Tag archives: author visits

Wednesday, 4 February 2015

Author visits to schools and libraries – their value and how to make them successful

Tanya Landman Carnegie visit q&aVisits by authors (and storytellers, poets and illustrators) to schools and libraries can transform children’s and young people’s attitudes to reading. For facts and figures, read the findings of the Society of Authors. This is Tanya Landman at King Edward VI School Lichfield. With World Book Day around the corner, and lots of author visits in the pipeline, here are several useful articles on ways to maximise their potential, plus links to more information.

In ‘Worth their Weight in Gold: Author Visits’ Caroline Sanderson highlights the value of visits, and describes how she created a buzz about reading by bringing authors into a Gloucestershire school for their book week.

Vivien French has drawn up an extremely helpful list of tips for anyone organising author events, based on years of experience.

Dawn Finch gives a school librarian’s perspective with lots of practical suggestions for effective visits.

These are Joe Craig’s tips for his fellow writers for World Book Day, useful not just for that day, but for any visit, and for visit organisers too.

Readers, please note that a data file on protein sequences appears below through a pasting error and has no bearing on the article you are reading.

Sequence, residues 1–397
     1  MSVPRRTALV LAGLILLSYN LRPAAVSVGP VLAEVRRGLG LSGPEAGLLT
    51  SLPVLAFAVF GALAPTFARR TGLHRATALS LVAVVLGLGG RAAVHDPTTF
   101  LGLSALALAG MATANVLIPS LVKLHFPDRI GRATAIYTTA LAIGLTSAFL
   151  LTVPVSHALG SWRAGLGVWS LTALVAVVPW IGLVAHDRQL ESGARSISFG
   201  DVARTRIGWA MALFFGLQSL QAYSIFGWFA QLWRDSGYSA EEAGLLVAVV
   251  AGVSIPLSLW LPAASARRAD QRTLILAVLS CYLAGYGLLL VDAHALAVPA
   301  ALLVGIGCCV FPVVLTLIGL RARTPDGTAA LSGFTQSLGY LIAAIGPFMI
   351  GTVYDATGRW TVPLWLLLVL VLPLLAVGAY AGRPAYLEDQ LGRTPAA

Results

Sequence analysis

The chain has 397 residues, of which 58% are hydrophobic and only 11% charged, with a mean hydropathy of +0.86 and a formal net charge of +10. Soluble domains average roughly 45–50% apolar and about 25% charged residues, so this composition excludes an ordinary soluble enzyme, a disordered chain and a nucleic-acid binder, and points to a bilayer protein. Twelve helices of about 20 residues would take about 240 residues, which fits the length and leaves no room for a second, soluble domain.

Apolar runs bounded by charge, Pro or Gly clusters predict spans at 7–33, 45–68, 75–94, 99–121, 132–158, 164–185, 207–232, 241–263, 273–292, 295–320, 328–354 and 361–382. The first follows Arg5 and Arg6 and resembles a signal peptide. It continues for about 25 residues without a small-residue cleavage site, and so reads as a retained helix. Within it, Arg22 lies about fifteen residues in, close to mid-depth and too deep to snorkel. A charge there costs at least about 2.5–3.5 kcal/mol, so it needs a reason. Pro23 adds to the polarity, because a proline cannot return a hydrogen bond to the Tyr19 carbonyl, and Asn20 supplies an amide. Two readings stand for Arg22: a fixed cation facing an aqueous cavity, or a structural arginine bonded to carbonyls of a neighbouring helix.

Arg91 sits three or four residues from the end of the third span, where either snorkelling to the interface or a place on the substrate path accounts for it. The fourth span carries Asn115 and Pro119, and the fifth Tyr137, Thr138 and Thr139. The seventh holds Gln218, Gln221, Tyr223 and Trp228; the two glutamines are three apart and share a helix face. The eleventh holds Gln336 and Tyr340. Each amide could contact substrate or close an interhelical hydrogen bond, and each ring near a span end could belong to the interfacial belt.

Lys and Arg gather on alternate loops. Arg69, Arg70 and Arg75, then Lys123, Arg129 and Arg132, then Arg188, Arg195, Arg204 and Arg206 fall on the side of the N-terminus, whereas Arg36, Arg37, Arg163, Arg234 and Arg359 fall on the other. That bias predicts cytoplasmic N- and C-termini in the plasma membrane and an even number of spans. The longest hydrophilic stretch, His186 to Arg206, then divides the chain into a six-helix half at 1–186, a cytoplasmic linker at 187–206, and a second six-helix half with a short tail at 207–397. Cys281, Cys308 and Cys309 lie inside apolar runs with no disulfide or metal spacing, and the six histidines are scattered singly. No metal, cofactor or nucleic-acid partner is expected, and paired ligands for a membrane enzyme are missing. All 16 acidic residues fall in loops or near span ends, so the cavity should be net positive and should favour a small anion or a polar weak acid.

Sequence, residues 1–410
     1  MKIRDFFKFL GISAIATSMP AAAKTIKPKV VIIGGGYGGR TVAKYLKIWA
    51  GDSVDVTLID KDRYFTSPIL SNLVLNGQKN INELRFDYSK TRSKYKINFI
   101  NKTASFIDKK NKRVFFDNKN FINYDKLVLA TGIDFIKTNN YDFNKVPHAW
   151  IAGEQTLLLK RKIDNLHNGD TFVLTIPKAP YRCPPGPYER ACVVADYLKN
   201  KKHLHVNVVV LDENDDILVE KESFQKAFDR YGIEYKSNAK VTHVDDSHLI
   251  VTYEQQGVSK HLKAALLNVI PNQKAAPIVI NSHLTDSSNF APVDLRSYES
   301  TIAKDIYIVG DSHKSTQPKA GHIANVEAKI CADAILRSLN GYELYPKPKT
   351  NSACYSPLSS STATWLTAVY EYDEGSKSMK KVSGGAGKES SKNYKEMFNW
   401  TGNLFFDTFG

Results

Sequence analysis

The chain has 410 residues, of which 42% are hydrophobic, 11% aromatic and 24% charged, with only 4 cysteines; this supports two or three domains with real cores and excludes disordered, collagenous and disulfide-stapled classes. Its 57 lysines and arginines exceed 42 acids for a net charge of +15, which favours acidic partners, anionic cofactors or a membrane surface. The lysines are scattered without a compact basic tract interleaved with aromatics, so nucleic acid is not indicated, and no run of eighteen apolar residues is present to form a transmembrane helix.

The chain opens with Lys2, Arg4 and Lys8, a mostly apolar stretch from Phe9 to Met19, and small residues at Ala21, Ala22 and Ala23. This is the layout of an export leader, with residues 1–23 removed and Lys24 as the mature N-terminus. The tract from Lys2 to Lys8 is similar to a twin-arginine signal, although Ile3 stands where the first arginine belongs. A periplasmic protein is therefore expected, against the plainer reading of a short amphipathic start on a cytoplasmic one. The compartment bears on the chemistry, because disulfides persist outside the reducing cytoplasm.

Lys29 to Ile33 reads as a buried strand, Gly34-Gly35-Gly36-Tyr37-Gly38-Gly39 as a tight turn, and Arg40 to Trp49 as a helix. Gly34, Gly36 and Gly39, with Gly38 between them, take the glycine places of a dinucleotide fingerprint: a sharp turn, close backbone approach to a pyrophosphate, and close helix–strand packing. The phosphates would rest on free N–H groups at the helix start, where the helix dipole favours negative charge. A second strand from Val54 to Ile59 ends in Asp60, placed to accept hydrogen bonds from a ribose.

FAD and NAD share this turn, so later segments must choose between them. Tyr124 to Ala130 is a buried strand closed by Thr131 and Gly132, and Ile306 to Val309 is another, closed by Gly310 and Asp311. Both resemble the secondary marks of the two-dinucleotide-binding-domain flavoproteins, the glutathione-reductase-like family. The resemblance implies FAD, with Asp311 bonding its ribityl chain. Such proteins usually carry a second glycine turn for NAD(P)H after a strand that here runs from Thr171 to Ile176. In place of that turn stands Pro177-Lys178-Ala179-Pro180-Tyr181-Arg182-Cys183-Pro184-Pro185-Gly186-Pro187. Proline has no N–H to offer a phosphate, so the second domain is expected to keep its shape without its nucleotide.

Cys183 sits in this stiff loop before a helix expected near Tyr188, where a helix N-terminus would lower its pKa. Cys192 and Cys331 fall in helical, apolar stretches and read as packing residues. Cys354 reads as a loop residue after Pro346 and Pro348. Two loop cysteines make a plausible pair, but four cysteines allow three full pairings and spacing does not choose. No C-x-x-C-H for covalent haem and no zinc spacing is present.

A number of schools now have Patrons of Reading. You can read about this great new initiative here.

If you are looking for an author or poet for a visit or to become a Patron of Reading, try these:

I can’t resist ending with author Giancarlo Gemin’s favourite book event question, shared today on Twitter: ‘When you wrote your book, did you copy it from another book?’

Tuesday, 21 June 2011

Borders Book Festival

I had a great time at the Borders Book Festival last week. There was a fantastic programme of author talks and events, including lots for children and families. I heard a range of different authors, and all were extremely stimulating and thought-provoking. I would never have expected the Napoleonic Wars to be interesting, but Peter Snow had me and hundreds of others enthralled by his account of it. It was a complete treat to listen to Michael Frayn talking about his plays, novels and non-fiction. The crime writer Ann Cleeves, who is best known for her Vera Stanhope books, was fascinating and very funny. Given my interest in children’s and young people’s literacy, I was particularly caught by what she had to say about her workshops in schools. They sound excellent. She uses scene-of-crime tape from a friend in the police force to mark out a mock murder site, whips up the students’ interest and then gets them writing their own crime stories. All brilliant, but some schools’ approaches to creative writing appal her. One English teacher particularly outraged her. She went round criticising students’ punctuation, and instructing them to write longer sentences. When Cleeves remonstrated, saying crime writing needs to be pacey, so short sentences are absolutely appropriate, the teacher responded that students had to demonstrate the ability to write with linked clauses. Not surprisingly, Cleeves despairs of an education system that places grammar ahead of creativity.